On our visit to Savannah’s historic district, I found a city that I could call home. With its myriad of park squares and tree lined streets Savannah invites you in and welcomes you. Steeped in history, it has been witness to many of the historical events that has made America what it is today.
When we decided to include Atlanta as a waypoint on our travels through the Southeastern US, I knew I wanted to visit the Georgia Aquarium. The aquarium was built in 2005 and has one of the largest saltwater tanks anywhere. The main tank is home to whale sharks, manta rays and a diverse group of ocean fish. There are separate tanks for beluga whales, bottle-nose dolphins and of course otters, both sea and river species.
It was wonderful to see all the displays and to be able to view fish that you might never see in the wild. But do these displays come at a price to the animals on display there? Since our visit to the Monterey Bay Aquarium, I have become interested in public aquariums and how these facilities house and care for the animals they have on display. Do they have enough room, are they fed properly, is there enrichment for the more intelligent species, are questions that come to mind. So on this visit I wanted to find out more and maybe answer some of my questions. Here is what I found out.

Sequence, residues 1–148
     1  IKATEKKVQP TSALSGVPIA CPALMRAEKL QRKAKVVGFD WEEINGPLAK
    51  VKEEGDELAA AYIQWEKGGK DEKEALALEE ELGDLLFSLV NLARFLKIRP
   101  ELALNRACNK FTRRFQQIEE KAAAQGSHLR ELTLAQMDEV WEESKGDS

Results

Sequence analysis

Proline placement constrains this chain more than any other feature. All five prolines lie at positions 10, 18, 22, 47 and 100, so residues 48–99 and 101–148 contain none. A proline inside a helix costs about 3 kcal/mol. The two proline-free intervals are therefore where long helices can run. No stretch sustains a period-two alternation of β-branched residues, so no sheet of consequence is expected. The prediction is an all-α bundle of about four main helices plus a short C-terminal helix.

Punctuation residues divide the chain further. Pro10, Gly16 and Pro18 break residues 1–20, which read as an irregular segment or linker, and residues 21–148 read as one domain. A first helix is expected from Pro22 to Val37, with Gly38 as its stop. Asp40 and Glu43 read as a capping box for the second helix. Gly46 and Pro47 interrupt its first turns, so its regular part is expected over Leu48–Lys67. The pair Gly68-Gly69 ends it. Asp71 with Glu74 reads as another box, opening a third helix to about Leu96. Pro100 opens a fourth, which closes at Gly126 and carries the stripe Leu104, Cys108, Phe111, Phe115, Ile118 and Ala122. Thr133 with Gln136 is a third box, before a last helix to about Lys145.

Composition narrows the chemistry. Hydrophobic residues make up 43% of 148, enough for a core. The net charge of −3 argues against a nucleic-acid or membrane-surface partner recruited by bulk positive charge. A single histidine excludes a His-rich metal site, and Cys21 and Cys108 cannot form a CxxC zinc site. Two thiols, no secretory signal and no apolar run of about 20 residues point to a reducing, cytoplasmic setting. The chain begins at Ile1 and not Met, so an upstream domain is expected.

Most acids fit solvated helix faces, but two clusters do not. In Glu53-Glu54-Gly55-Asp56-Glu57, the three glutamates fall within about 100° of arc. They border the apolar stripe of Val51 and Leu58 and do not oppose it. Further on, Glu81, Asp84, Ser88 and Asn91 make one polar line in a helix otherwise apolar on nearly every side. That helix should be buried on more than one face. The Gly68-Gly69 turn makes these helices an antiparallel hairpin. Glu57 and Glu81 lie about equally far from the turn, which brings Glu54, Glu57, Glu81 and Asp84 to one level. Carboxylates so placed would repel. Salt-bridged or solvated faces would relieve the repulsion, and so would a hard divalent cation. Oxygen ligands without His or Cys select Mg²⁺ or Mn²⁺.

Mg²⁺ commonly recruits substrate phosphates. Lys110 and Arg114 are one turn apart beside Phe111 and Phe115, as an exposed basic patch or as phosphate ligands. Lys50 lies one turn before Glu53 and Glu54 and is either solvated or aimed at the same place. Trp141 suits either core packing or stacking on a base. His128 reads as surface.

Great care is taken in the housing of the animals. There are display tanks where the public can watch the animals, but they also have private areas where they can get away from the crowds. The animals are fed the highest quality seafood since the restaurant seafood supply trucks stop at the aquarium first before they go on to the local human eateries. So the animals get better seafood than we do. Enrichment is provided for the whales, dolphins and otters with toys they are given and their interaction with the staff and guests. So ultimately, I discovered that aquariums are a balance between freedom and care.